It’s always nice when a film explores seldom acknowledged and often completely untouched subject matters. The best films and the best actors aren’t afraid to enlighten. Moonlight, directed by Barry Jenkins, is as unique a coming of age story that can be found in cinema. Exploring themes such as homophobia, bullying, and existentialism, it is undoubtedly a story that has power and value.
The film tells the story of a boy, who becomes a teen, and then a man. The boy (Alex R. Hibbert) is a quiet child who is struggling with being bullied and whose mother (Naomie Harris) is a drug addict. He is eventually taken in by a caring drug dealer (Mahershala Ali) and his girlfriend (Janelle Monae) who become his mentors. By the time he becomes a teen (Ashton Sanders), his social issues have only compounded as he continues to battle with his sexuality and his relationship to his more popular best friend, Kevin (Jharrel Jerome). By the time he has reconnected with Kevin as a man (Trevante Rhodes), he has become a drug dealer himself and is still attempting to come to terms with his own identity.
Every performance in Moonlight is transcendent. The three actors who portray the lead character, Chiron, do so with poetic, yet gut wrenching depth that makes the character both endearing and heroic. Mahershala Ali brings soul and a calming, nuanced wisdom as Chiron’s young mentor, Juan. Naomi Harris is equally brilliant as Chiron’s emotionally abusive mother although the character does feel a bit like a drama film cliche.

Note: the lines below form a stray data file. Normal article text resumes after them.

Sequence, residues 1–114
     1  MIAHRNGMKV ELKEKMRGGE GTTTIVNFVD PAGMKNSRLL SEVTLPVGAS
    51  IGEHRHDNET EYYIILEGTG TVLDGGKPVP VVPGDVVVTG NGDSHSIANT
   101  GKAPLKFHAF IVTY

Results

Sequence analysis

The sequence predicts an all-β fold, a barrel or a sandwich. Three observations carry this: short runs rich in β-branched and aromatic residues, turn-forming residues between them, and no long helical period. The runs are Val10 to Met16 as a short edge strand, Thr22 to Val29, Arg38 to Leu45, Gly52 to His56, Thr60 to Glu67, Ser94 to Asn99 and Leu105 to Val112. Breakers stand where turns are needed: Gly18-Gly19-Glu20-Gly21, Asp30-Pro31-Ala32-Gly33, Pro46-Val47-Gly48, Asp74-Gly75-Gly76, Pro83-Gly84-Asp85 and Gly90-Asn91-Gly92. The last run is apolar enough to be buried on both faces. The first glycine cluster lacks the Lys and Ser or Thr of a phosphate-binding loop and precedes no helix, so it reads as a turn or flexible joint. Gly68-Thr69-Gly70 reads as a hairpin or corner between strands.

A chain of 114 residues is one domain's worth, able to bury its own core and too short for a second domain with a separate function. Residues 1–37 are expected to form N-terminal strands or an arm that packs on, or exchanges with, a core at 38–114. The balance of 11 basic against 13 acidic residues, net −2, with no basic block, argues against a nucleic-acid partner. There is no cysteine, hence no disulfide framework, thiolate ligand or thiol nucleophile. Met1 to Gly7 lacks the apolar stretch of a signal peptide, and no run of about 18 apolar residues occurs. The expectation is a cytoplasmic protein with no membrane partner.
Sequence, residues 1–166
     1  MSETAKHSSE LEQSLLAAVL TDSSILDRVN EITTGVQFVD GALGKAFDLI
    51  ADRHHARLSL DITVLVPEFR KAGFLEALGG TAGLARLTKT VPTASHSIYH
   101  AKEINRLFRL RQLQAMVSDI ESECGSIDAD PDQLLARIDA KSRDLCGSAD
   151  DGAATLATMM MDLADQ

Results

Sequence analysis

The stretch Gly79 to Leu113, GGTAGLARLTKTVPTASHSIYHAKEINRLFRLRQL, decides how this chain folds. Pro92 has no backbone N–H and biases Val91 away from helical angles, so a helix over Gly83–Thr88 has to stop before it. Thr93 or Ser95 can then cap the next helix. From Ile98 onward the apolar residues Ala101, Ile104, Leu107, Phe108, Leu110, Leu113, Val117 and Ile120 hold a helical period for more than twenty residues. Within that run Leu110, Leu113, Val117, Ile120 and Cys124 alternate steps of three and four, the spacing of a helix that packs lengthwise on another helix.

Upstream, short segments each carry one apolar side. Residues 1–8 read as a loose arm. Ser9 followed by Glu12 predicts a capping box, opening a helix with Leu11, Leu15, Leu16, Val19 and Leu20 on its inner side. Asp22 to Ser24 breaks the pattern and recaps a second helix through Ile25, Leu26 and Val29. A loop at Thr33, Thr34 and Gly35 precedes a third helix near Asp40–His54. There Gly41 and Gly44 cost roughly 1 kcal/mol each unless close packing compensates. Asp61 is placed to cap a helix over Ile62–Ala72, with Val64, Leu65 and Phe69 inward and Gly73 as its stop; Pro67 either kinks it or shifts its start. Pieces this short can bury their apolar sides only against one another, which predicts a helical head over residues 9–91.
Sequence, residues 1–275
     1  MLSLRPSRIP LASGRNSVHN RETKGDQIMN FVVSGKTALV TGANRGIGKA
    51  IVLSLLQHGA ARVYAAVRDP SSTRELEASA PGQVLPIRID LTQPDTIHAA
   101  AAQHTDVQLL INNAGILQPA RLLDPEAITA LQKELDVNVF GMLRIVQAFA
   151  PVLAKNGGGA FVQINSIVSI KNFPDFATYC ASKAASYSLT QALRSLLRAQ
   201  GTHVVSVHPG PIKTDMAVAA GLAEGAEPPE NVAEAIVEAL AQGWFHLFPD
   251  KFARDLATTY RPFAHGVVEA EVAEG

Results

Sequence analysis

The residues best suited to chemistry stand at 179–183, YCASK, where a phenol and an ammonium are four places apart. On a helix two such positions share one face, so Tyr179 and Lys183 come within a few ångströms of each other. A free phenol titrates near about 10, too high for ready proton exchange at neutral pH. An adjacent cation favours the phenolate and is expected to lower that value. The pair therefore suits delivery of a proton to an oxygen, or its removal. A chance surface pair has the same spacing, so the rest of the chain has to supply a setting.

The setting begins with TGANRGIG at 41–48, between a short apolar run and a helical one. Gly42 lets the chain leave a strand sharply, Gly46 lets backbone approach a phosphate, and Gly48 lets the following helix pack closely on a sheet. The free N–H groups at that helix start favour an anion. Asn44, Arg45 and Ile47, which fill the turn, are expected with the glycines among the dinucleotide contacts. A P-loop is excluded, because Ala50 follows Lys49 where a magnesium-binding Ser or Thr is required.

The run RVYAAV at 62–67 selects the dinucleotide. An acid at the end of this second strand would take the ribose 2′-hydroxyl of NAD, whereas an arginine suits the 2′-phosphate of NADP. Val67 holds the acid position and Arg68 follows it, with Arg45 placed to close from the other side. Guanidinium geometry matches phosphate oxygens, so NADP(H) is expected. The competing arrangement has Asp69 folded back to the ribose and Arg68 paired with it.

But Moonlight is not without its flaws. As a narrative, it never quite flows. The film is constructed into segments centered on each stage in Chiron’s life, but in doing so, a lot gets left off the table in its overall presentation. The segment about his childhood feels like it ends too soon, while the climactic scenes about his adulthood feel like an overall footnote. As a result, sensational characters like Mahershala Ali’s Juan are underutilized and many experiences that could help shape the character once we’ve seen him mold into an adult are left to quick exposition or mere speculation.
The performances allow us to see where Chrion’s journey takes him, but because of the abrupt shifts in narrative, we never truly experience it. The exception is the middle segment which easily feels like a story which has a beginning middle and end, but the rest feels like a television season where we’re missing episodes. It doesn’t take much away from an overall splendid film with wonderful acting and beautiful cinematography, but it did leave me wanting just a little more from its compelling story.
FINAL GRADE: B